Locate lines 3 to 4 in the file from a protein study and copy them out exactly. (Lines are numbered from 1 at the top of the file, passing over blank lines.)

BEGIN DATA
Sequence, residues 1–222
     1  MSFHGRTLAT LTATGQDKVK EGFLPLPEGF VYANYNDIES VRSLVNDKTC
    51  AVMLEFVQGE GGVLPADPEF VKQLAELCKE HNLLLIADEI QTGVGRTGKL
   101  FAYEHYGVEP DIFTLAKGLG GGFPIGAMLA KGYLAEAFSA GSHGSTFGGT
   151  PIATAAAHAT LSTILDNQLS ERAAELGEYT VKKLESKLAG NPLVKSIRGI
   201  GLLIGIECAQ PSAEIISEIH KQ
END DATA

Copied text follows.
    51  AVMLEFVQGE GGVLPADPEF VKQLAELCKE HNLLLIADEI QTGVGRTGKL
   101  FAYEHYGVEP DIFTLAKGLG GGFPIGAMLA KGYLAEAFSA GSHGSTFGGT